Study Evaluates Outcomes of Patients With Liver Disease Undergoing TAVR
March 26, 2018—Chronic liver disease is a known risk factor for perioperative morbidity and mortality in patients undergoing cardiac surgery; however, there are very few data about chronic liver disease patients treated with transcatheter aortic valve replacement (TAVR). Therefore, Gabriela Tirado-Conte, MD, et al performed a study to evaluate early and late clinical outcomes in a large cohort of patients with liver disease undergoing TAVR and to determine predictive factors of mortality among these patients.
The investigators conducted a propensity score–matched analysis of clinical outcomes and prognosis markers of patients with liver disease undergoing TAVR. They published the findings in Circulation: Cardiovascular Interventions.
This multicenter study collected data from 114 patients with chronic liver disease who underwent TAVR at 12 institutions. Perioperative and long-term outcomes were compared with a cohort of 1,118 patients without liver disease after a propensity score–matching analysis (114 matched pairs).
As summarized in Circulation: Cardiovascular Interventions, the investigators reported that in-hospital mortality and vascular and bleeding complications were similar between matched groups. Acute kidney injury was more common in the liver disease group than the cohort of patients without liver disease (30.8% vs 13.5%; P = .01).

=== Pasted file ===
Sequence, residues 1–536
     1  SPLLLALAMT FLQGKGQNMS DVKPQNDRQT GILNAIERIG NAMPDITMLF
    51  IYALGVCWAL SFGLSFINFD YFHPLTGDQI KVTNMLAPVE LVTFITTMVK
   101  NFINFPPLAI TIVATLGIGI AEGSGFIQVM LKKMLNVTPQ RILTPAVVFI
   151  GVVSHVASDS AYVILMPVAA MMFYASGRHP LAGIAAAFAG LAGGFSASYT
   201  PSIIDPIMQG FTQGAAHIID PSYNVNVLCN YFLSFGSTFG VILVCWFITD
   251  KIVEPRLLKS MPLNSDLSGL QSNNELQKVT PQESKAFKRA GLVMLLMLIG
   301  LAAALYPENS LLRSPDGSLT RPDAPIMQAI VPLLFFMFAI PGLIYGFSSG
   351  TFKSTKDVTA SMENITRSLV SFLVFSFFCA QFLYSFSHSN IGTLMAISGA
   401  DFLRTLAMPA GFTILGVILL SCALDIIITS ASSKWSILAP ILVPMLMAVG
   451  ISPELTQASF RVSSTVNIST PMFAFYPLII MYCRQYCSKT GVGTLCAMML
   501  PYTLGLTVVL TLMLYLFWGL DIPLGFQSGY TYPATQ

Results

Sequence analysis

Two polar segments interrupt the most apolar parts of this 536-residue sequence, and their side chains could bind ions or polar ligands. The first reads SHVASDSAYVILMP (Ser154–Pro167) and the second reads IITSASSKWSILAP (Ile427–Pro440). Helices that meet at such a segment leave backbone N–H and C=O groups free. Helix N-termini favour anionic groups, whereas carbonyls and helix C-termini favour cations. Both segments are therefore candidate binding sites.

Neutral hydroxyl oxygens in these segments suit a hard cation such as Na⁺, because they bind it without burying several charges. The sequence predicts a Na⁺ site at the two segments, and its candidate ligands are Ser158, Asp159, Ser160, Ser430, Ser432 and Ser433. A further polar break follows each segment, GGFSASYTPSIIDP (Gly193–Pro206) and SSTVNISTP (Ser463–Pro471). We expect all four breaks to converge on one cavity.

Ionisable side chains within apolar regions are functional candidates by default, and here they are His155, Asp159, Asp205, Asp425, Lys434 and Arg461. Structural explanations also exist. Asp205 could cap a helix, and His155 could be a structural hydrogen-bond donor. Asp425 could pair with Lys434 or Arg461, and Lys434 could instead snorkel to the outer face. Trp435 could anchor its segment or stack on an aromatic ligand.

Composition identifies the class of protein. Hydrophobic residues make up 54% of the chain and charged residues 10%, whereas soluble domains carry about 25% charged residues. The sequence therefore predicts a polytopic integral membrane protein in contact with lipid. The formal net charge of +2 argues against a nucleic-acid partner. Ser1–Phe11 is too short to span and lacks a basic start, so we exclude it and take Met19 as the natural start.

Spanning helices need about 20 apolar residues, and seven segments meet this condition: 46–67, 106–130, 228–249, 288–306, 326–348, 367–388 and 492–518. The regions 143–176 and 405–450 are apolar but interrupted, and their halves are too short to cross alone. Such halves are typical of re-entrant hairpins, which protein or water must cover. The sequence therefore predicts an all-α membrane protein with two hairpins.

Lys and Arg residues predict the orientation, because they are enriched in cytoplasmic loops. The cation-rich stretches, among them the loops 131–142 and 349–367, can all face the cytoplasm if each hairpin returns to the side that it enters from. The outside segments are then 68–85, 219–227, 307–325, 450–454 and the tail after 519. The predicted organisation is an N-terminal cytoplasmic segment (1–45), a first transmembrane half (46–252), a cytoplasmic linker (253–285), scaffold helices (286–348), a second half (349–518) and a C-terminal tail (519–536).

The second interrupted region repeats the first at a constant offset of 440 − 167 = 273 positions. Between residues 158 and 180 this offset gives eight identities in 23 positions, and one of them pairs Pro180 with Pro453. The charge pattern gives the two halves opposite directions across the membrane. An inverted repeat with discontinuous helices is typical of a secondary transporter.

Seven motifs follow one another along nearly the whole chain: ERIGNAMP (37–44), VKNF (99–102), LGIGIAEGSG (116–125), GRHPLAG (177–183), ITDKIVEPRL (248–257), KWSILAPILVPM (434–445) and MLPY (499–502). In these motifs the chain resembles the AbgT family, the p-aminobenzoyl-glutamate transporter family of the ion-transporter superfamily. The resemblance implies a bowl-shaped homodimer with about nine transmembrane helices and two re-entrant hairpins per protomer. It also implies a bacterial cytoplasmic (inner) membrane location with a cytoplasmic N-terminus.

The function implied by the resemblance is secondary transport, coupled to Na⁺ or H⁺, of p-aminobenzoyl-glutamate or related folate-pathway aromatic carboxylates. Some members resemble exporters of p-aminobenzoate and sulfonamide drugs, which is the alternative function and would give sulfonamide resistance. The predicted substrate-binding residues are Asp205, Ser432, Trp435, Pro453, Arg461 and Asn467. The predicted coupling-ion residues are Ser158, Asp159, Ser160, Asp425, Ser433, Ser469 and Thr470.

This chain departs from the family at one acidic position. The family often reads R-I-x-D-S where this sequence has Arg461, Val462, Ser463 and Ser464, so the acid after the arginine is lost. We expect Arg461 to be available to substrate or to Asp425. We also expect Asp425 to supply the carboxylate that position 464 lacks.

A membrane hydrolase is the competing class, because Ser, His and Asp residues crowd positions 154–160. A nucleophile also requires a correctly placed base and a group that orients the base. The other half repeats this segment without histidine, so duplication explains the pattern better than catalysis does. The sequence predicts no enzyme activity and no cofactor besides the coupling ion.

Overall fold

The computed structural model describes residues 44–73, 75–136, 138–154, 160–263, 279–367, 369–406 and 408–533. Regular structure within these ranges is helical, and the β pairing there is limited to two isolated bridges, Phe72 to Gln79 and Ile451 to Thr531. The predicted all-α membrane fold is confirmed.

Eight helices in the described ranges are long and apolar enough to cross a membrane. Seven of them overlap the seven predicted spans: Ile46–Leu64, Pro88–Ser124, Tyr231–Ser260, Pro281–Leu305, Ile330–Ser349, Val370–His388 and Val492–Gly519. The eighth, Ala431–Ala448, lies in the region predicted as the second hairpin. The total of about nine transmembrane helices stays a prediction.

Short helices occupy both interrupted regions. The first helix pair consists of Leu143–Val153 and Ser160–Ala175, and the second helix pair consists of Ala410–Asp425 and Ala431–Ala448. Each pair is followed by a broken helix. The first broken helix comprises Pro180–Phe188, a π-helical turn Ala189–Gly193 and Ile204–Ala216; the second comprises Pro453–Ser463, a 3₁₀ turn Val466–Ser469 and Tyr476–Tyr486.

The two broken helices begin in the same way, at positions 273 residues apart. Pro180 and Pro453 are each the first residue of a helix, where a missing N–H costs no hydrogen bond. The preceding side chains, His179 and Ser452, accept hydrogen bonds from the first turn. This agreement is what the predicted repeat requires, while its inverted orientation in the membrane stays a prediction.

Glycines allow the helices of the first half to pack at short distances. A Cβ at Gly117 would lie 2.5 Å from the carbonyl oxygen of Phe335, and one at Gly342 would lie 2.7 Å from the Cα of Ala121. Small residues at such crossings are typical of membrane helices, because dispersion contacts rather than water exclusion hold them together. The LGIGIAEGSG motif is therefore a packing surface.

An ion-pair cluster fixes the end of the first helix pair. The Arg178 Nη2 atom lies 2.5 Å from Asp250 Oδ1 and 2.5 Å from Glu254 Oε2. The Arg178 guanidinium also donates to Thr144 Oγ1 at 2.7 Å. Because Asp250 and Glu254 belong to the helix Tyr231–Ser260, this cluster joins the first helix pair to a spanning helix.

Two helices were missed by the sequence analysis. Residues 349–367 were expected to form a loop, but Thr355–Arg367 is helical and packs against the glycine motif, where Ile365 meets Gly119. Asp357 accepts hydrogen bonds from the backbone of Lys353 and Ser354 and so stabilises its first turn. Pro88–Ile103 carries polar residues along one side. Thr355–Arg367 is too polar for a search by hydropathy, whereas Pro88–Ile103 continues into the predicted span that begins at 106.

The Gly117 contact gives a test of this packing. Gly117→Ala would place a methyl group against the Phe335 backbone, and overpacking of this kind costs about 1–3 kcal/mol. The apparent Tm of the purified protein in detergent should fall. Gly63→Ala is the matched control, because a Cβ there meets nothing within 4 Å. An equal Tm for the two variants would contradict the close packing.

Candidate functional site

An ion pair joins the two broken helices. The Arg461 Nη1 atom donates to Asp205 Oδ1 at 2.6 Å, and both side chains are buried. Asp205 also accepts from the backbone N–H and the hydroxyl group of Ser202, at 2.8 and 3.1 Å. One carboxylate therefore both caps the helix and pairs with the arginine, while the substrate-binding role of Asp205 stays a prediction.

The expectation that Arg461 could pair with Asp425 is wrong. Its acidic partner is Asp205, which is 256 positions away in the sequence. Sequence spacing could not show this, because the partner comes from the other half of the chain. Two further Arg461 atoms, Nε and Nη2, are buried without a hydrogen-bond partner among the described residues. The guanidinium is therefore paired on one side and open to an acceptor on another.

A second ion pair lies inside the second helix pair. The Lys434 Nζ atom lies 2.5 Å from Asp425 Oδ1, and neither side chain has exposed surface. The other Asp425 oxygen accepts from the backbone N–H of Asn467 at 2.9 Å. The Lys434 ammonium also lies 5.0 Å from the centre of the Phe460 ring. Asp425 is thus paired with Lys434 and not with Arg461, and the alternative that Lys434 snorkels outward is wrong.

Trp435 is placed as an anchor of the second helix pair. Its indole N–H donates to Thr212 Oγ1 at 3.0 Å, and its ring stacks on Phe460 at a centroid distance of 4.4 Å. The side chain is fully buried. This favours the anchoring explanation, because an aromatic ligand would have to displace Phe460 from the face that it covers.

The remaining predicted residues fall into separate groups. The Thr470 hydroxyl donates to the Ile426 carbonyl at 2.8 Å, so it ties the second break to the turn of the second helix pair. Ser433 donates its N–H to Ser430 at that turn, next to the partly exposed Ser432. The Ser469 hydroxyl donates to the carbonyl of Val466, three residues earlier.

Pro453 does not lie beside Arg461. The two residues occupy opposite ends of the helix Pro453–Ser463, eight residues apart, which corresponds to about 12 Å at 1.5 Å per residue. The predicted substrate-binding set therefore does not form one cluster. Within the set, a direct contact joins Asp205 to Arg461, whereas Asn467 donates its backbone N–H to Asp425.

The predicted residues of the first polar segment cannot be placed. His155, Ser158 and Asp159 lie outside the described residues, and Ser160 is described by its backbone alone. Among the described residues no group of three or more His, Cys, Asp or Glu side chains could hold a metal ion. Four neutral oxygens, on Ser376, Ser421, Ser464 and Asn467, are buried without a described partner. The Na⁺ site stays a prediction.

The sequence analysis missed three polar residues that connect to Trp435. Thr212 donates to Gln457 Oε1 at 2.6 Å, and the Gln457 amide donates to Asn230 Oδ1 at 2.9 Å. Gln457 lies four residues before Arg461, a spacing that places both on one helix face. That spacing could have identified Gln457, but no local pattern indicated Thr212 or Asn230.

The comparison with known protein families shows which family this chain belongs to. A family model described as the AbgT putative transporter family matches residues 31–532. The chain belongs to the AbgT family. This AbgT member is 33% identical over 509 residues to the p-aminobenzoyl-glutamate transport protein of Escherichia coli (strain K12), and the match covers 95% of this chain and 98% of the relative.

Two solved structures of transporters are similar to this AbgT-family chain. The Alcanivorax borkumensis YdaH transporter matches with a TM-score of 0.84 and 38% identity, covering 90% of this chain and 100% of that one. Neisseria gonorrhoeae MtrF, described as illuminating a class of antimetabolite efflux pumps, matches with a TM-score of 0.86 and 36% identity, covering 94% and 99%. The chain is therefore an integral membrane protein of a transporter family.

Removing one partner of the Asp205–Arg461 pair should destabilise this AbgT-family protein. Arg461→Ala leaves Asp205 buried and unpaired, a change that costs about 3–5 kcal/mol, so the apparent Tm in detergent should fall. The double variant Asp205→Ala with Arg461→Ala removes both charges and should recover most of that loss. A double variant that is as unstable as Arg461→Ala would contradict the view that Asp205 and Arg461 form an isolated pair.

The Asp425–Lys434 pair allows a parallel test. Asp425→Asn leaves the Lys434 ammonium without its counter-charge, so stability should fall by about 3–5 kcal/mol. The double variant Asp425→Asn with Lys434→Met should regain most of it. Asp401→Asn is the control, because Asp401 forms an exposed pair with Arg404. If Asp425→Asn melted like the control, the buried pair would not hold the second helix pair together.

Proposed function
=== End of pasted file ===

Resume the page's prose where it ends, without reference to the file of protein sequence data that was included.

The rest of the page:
Although cardiovascular mortality was similar between groups at 2-year follow-up (9.4% vs 6.5%; P = .433), noncardiac mortality was higher in the liver disease group (26.4% vs 14.8%; P = .034).
The predictors of mortality in patients with chronic liver disease were lower glomerular filtration rate (GFR; hazard ratio [HR], 1.10 for each decrease of 5 mL/min in estimated GFR; 95% confidence interval [CI], 1.03–1.17; P = .005) and Child-Pugh class B or C (HR, 3.11; 95% CI, 1.47–6.56; P = .003); with a mortality rate of 83.2% at 2-year follow-up in patients with both factors (estimated GFR < 60 mL/min and Child-Pugh B or C).
The findings suggest that TAVR is a feasible treatment for severe aortic stenosis in patients with early stage liver disease or as bridge therapy before a curative treatment of the hepatic condition. Patients with Child-Pugh class B–C, especially in combination with renal impairment, had a very low survival rate, and TAVR should be carefully considered to avoid a futile treatment. These results may contribute to improving the clinical decision-making process and management in patients with liver disease, concluded the investigators in Circulation: Cardiovascular Interventions.